There is no doubt that Fitzgerald has a wonderful way of laying words on the page. The first few pages of this book are sheer eloquence. This excerpt perfectly captures that delightful happy wriggle of getting into cool water on a hot day:
Rosemary laid her face on the water and swam a choppy little four-beat crawl out to the raft. The water reached up for her, pulled her down tenderly out of the heat, seeped in her hair and ran into the corners of her body. She turned round and round in it, embracing it, wallowing in it.
It’s not that the rest of the book is any less eloquent, only that I find the poetic
summations a bit wearisome after a while. It takes me longer to work out what is actually going on and feels a bit like wading through mud and poking around with a big stick, trying to find the point. I, shockingly, felt the same about ‘The Great Gatsby’. Continue reading “Tender is the night – F. Scott Fitzgerald “ →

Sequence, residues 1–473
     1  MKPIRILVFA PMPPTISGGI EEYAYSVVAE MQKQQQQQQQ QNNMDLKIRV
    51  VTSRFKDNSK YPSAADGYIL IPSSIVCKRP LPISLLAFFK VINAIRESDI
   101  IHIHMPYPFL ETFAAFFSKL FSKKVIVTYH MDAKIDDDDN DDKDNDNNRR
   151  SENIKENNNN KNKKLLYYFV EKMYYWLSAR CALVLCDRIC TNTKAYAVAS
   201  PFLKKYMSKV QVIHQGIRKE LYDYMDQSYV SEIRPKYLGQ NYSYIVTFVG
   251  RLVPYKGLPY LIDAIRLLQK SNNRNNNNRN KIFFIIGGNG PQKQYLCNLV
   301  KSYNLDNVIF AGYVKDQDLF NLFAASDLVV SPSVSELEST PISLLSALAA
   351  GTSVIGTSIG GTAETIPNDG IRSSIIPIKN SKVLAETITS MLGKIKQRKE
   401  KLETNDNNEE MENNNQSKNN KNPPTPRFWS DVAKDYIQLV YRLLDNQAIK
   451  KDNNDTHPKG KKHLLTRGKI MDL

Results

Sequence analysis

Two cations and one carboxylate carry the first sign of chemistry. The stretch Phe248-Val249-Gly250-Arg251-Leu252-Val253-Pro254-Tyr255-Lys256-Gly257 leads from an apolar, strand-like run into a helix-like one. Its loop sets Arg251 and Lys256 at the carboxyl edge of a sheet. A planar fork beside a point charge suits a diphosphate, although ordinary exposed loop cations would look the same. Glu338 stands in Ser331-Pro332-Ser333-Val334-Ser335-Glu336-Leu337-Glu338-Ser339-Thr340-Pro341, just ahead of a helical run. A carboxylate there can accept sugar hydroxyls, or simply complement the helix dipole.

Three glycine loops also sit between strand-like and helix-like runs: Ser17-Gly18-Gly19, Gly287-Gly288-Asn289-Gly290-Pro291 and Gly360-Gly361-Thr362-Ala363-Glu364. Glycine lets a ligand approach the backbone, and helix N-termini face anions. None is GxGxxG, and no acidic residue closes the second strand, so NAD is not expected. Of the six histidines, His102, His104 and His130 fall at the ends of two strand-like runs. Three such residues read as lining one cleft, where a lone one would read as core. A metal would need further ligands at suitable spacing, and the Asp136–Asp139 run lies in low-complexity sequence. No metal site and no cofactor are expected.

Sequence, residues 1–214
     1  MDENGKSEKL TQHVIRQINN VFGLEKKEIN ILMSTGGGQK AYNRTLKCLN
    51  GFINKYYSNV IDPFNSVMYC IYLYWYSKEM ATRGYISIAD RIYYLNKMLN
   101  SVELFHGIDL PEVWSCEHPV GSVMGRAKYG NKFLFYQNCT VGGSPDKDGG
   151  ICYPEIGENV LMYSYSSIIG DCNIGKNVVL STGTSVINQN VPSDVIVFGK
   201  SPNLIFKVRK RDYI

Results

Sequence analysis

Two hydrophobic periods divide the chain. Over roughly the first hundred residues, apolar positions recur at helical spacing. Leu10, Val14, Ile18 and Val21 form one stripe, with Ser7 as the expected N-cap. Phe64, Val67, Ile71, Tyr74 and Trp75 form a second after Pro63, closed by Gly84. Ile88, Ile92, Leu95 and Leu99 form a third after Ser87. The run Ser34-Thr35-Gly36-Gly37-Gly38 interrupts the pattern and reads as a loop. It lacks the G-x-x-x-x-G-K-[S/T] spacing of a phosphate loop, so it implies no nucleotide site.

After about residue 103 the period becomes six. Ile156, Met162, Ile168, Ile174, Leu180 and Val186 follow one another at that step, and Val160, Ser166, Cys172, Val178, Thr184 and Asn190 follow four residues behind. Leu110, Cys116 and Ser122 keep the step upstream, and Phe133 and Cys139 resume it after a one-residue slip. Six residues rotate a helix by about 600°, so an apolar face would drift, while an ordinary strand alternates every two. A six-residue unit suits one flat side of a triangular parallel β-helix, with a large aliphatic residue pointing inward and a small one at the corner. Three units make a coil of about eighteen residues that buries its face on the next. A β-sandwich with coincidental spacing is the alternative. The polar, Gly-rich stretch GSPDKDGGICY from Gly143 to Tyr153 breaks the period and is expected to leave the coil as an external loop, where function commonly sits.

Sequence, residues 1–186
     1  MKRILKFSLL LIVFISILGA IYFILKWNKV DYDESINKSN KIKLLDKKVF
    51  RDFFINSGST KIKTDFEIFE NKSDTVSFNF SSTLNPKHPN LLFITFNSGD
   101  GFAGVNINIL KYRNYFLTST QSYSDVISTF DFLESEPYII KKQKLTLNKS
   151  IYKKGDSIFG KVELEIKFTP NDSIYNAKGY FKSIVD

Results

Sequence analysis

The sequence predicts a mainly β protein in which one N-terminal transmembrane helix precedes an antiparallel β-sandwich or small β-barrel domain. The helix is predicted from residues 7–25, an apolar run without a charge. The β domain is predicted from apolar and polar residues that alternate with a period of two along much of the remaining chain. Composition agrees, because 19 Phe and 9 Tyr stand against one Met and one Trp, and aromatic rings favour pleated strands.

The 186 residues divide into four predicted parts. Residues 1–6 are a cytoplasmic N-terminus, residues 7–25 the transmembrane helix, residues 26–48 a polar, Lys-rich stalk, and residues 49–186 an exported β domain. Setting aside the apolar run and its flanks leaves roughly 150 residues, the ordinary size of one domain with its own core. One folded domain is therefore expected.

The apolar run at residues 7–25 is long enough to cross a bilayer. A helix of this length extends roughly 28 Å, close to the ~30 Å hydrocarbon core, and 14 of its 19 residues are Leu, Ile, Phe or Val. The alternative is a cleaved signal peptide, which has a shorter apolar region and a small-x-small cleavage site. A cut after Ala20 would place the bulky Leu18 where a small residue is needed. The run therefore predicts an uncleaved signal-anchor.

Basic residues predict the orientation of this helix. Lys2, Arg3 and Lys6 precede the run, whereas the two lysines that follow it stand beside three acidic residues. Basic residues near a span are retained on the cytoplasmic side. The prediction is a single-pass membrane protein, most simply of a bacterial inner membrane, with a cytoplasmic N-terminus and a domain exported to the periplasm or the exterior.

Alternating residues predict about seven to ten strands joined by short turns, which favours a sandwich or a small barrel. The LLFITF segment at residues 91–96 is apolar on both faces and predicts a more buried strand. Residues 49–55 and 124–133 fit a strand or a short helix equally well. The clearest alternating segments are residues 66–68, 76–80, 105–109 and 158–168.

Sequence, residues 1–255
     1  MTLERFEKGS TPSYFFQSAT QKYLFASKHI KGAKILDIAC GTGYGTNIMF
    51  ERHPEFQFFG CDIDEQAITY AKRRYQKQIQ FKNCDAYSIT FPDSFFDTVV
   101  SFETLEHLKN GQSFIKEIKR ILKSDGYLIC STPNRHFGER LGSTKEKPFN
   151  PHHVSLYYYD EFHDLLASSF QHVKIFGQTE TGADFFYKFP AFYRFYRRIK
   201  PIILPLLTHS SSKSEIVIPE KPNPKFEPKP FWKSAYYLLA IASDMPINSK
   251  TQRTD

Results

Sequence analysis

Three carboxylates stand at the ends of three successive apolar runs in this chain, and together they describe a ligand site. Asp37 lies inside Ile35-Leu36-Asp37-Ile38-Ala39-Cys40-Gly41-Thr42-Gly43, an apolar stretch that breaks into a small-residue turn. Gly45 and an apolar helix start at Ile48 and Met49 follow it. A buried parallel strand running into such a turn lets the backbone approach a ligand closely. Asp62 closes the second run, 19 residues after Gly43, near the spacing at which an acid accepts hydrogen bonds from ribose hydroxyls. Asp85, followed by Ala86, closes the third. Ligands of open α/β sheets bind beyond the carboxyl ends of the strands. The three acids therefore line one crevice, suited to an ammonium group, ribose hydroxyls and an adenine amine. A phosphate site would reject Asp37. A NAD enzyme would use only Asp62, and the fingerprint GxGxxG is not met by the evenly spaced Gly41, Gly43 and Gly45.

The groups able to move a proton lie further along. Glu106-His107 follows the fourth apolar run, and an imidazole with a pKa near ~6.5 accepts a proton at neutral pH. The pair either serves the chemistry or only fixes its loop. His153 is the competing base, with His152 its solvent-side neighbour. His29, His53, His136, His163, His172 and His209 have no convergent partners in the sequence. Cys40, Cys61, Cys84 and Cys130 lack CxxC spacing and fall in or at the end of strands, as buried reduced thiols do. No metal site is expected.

Today there are over one hundred thousand tweets about World Suicide Prevention Day. This is FANTASTIC! Unlike so many other issues, this really is one where you can help just by sharing a link or liking a post – because each click sends the message ‘its ok to talk about this’. Which it is. Always. (You could go even further and ask someone how they are really feeling – like the Australian ‘RUOK’ campaign that encourages people to answer the question ‘how are you?’ with a little more detail than the standard ‘fine’. If everybody you ask is ecstatically happy and goes on for hours about their life being all kittens and rainbows and comfortable shoes – forget nirvana, true happiness is comfy footwear – you’ve still been a good friend and they know that you are willing to listen should they need to talk)